With its miles of snaking traffic jams, clouds of exhaust fumes and a creaking public transport system, Moscow is clearly a city much in need of improvement, but the government’s latest plan to beautify the place has most residents shaking their heads in confusion.
Across the Russian capital, miles of asphalt sidewalks are being ripped up and new brick pavements are being laid down, forcing pedestrians to dodge the traffic in the road and blow up clouds of dust.
Nickolay Torobov, a spokesman for the mayor’s office says the RUB4bn (€98m) project will repave over a million square kilometres of sidewalk by the end of the year.
City Hall is thinking green, says Torobov. In addition to being lasting longer than asphalt paving, brick doesn’t disrupt the water needed by trees and shrubs, or emit toxic fumes in the heat.
“In hot weather asphalt emits toxic vapours with a touch of benzol, ferrum, magnesium and other chemicals. Brick repaving a quarter of Moscow sidewalks will result in the reduction of toxic emissions by 118 tonnes per year,” he says.
Critics say that planting actual trees and creating green spaces the city so desperately needs would have been a better use of the cash.
“There is no doubt that in Moscow there are a lot more vital problems to tackle right now,” said Denis Vizgalov, an expert at the Institute of Urban Economics. Traffic, parking, and upgrading the air-conditioning on the sweaty subway should all take priority, he said adding: “It is important that we should consider the arrangement of green spaces as the city is suffocating with car exhaust fumes.”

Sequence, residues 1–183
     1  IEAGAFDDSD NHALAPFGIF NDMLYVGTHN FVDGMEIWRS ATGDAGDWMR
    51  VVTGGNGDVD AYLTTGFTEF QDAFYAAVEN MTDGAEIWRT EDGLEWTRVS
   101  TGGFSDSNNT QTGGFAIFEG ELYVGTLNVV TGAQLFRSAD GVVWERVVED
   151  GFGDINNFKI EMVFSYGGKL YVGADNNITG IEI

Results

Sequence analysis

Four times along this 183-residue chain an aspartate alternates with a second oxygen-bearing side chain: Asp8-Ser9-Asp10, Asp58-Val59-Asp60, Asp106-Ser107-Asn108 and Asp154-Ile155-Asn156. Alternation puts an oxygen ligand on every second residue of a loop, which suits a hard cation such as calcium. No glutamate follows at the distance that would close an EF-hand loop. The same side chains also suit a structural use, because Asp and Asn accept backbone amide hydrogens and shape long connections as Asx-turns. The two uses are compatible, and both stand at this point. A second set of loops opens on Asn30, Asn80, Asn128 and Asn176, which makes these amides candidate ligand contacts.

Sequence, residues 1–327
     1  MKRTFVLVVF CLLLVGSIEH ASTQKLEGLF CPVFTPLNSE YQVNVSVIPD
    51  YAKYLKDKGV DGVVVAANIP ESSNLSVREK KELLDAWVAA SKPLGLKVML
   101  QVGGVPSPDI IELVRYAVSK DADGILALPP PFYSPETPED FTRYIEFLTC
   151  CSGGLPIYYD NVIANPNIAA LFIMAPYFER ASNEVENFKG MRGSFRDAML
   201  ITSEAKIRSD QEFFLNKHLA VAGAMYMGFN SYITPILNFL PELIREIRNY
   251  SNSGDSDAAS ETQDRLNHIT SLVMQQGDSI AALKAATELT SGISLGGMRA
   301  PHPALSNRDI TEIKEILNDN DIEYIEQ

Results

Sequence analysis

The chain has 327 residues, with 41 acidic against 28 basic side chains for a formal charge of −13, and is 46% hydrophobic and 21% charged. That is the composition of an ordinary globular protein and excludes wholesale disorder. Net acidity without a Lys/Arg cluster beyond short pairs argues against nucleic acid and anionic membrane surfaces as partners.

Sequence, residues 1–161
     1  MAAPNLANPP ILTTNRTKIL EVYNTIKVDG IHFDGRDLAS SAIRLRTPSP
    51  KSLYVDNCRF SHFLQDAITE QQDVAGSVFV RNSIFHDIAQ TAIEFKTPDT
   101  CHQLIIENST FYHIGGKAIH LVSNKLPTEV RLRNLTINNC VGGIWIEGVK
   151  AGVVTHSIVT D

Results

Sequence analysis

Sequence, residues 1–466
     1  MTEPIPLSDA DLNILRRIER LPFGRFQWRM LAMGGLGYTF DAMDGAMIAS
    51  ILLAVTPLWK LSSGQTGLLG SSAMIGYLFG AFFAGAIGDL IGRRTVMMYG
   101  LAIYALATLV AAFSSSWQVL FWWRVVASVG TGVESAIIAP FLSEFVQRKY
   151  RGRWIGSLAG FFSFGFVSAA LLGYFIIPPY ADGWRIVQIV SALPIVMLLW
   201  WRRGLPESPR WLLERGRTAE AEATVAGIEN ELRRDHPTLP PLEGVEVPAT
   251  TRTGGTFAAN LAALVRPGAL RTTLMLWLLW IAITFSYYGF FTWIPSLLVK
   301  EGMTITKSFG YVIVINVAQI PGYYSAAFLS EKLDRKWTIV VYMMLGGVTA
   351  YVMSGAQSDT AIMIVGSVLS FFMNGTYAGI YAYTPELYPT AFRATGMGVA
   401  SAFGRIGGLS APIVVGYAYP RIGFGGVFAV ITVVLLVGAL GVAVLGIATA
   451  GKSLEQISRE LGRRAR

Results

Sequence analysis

Moscow’s infrastructure is desperately in need of some attention, having suffered from decades of neglect. Under the 20-year rule of mayor Yuri Luzhkov, who was sacked earlier this year, Moscow sprawled out unattractively and little was done other than hand out real-estate contracts to the mayors’ cronies.
Now, fears about corruption are being voiced by residents and the media, and questions are being asked about whether there is any link between the paving work and new Mayor Sergei Sobyanin’s wife Irina, who was involved in a brick and curbing business in Tyumen when Sobyanin was governor in the city several years ago.
Torobov says that the bidding process was open to tender and that there have been no underhand dealings with awarding contracts.
One thing is for sure though, Moscow lovelies in their high heels better watch out and cobblers could be in luck, as it’s all too easy to get a stiletto stuck between the cracks of the new bricks and break a heel.